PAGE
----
Don't Want to Mow Your Grass? Check out these 5 Alternatives!

Written by Gene Caballero on January 27, 2016

Here’s the thing, in many drought-stricken areas of western America, homeowners are giving up on their lawn maintenance.

With strict water bans or restrictions in action, it makes it impossible for homeowners to keep their grass green or even healthy enough to need to be useful.

In fact, for the sixth year now, California is trying to go as far as offering those who own homes rebates if they just rip out their lawns altogether.

Even in areas where water is not an issue, people are just tired of the time required to maintain the standard American lawn.

Believe it or not, in many areas more than half of the resident’s water is being used in the summer to watering the lawn or even for landscape irrigation, and worse still most of that water is being lost by either run-off or evaporation.

If you are interested alternatives for the traditional American lawn, then here are a few choices for you to consider...

1. Artificial Turf:

Instead of slaving week after week to maintain real grass, why not look into fake grass. Artificial grass has come a long way since the 1960s.

It’s true, nowadays artificial grass lawns are even being mistaken for lawns with real grass.

Pros: In the long run, you will end up saving money due to not having to water or fertilize the lawn. And your lawn will never turn brown.

Cons: Yes, it is true that having an artificial lawn is more expensive to have installed, than having natural grass.

2. Paint the Grass Green:

It’s no secret, when it is hot and dry, the grass will turn brown. Which means the grass is either dead or it is unable to protect itself from the damage heat is causing. In order to resolve this issue one could paint the lawn green by purchasing a lawn paint. Though this is a new way of hacking drought impacted lawns, it is growing in popularity quickly.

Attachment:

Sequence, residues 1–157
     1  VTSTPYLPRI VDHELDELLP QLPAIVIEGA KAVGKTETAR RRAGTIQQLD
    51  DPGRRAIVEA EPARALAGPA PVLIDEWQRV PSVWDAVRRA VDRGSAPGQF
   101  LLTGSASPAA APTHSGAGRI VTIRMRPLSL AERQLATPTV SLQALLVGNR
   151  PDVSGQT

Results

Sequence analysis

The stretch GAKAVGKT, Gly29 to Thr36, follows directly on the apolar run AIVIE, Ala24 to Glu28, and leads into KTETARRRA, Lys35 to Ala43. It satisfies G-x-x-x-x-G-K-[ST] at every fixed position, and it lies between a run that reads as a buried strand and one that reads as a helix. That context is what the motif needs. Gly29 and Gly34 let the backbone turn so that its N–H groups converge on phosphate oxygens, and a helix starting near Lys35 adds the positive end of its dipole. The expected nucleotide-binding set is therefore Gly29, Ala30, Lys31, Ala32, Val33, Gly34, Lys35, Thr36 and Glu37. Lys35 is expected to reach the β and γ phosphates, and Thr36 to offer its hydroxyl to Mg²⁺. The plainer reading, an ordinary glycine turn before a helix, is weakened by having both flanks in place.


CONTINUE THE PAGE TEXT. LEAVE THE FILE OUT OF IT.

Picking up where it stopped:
Pros: The right lawn or turf paint will not hurt the grass. No need to worry, you can still mow your lawn. There are companies that will spray your lawn for you, but sometimes it is better to just buy the paint and do-it on your own by mixing the paint and water together, then spray it on following the directions on the package.

Best of all, the paint is safe for the pets, and will not rub onto your clothing, shoes, or even the paws of your animals.

Cons: The paint will only last until the grass is mowed away. If you experience multiple droughts a year, you will need to apply paint each time.

3. Rock Gardening or Xeriscaping

When some homeowners get frustrated, they simply remove the lawn and replace it with stone, and drought tolerant plants. A mixture of ornamental grasses, gravel, or even stone chips can be unique and even attractive. A rock garden that is well designed is able to absorb rain which will provide color, and retain the water longer than the traditional lawn.

Pros: This type of lawn requires less weeding and less maintenance. You will not have to worry about fertilizing, mowing or even aerating your lawn. So you will save money and time in the long run.